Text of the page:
Journal article

The molecular mechanisms of antimetastatic ruthenium compounds explored through DIGE proteomics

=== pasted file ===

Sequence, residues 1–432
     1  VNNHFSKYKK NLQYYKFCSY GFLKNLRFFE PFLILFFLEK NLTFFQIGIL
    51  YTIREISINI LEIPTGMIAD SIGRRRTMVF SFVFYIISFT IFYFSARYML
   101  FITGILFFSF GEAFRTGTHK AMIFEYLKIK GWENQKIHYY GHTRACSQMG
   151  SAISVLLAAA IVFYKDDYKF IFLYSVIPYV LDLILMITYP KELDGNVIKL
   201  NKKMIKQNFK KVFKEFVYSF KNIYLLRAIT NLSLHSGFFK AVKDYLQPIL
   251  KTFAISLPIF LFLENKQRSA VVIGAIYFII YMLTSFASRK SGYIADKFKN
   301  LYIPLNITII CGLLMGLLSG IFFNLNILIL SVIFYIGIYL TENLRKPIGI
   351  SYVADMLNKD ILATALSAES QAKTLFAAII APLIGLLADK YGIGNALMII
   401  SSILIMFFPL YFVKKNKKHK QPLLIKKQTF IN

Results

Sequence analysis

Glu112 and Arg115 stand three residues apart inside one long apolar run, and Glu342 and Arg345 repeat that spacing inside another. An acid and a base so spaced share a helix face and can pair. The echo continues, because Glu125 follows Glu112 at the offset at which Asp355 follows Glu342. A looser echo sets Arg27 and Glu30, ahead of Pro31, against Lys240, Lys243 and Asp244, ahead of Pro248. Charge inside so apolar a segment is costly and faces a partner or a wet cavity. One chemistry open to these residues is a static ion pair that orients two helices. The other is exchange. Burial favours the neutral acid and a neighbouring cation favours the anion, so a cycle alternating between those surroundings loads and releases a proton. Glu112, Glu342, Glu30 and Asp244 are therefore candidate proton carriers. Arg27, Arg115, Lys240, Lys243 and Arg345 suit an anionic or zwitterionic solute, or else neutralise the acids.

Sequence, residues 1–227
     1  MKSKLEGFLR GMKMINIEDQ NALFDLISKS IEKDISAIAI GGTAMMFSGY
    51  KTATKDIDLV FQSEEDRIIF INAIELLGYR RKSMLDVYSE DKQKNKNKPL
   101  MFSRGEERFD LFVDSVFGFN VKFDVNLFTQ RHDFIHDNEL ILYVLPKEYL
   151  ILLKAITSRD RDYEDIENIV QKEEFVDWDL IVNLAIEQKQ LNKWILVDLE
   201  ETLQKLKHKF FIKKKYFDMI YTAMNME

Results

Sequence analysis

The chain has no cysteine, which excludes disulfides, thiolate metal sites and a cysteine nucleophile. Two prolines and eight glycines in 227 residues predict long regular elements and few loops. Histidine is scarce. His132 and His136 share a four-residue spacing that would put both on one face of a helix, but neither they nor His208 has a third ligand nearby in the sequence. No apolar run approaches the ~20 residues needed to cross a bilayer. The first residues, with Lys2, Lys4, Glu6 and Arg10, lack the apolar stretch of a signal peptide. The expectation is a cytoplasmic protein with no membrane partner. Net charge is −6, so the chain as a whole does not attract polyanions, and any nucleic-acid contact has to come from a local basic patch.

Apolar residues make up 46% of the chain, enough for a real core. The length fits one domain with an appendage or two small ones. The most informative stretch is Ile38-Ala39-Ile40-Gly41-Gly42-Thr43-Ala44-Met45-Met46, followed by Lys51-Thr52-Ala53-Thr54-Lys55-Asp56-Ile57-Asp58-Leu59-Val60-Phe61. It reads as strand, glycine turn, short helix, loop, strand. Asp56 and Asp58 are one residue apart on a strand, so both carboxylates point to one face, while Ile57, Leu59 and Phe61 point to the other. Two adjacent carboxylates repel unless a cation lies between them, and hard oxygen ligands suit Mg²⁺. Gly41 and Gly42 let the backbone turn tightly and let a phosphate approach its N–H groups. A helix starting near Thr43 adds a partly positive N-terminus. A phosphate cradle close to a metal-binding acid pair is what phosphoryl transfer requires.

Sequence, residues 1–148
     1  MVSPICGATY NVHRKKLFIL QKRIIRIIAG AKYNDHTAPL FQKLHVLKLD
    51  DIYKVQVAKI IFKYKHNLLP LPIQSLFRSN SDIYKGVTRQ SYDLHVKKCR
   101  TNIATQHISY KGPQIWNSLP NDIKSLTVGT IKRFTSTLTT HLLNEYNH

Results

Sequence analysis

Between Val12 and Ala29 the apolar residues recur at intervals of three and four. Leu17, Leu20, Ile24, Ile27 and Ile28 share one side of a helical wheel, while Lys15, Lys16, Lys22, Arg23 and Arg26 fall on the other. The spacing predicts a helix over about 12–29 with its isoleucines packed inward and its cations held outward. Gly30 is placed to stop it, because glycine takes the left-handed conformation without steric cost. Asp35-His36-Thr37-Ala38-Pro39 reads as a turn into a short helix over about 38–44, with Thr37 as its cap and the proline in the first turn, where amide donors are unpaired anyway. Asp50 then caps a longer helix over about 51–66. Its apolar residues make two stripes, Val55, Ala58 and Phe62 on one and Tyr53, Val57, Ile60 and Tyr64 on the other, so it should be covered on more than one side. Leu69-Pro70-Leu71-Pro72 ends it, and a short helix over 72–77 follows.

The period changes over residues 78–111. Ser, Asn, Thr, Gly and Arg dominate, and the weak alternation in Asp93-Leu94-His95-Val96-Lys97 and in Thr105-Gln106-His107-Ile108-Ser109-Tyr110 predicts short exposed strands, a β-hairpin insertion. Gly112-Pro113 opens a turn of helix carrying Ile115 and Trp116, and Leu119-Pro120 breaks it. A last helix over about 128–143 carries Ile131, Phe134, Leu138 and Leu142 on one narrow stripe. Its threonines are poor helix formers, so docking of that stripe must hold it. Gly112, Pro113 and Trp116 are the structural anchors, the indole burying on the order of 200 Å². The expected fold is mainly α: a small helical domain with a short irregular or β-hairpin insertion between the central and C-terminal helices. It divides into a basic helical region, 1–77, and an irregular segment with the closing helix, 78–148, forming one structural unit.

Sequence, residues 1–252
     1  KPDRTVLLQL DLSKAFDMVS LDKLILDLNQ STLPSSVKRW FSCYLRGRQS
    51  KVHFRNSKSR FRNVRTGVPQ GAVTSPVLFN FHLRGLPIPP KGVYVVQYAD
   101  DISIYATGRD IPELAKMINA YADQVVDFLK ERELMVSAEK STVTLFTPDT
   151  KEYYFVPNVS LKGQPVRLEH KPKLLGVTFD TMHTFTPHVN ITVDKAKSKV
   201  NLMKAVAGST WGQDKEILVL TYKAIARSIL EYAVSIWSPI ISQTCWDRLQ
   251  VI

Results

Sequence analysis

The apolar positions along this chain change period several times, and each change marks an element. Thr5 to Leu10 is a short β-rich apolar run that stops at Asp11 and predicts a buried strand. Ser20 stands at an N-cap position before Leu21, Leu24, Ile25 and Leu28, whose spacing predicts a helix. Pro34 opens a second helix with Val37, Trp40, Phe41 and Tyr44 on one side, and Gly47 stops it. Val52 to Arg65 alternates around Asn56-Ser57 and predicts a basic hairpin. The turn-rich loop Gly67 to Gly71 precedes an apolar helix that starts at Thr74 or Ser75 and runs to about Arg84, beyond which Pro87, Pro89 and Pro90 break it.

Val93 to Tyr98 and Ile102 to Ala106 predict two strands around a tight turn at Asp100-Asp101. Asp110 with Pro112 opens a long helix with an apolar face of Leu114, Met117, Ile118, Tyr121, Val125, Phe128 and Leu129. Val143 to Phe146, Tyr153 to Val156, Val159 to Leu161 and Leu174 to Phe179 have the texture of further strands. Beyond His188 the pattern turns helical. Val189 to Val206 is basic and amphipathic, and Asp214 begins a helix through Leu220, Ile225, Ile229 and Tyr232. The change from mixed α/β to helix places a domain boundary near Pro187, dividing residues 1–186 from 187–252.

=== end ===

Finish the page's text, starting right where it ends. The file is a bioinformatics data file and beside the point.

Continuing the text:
DIGE (difference in gel electrophoresis) proteomics is exploited here to gain insight into the molecular mechanisms of two established ruthenium-based antimetastatic agents, namely trans-[tetrachloro (DMSO) (imidazole)ruthenate(III)] (NAMI-A) and [Ru(eta(6)-toluene)Cl-2(PTA)] (RAPTA-T), where PTA is 1,3,5-triaza-7-phosphaadamantane. Following 24 h exposure of A2780/S human ovarian carcinoma cells to pharmacologically relevant concentrations of either ruthenium compound, 2D-DIGE proteomic analysis evidenced only few differentially expressed proteins with respect to controls. Successive mass spectrometry measurements, MALDI-TOF (matrix assisted laser desorption ionization-time of flight) or LC-ESI/MS-MS (liquid chromatography-electrospray ionization/multi-stage mass spectrometry), allowed identification of most altered protein spots, some of which were associated to perturbations in specific cellular functions. Direct insight into the cellular effects of the investigated metallodrugs is thus achieved. Notably, the patterns of protein alterations induced by NAMI-A and RAPTA-T are quite similar to each other while being deeply different from those of cisplatin. To the best of our knowledge this is the first proteomic study on human cancer cells investigating responses to antimetastatic ruthenium drugs. The key role of new "omic" approaches for deciphering the elusive and complex biochemical mechanisms through which anticancer metallodrugs produce their pharmacological effects is further documented. (C) 2012 Elsevier Inc. All rights reserved.


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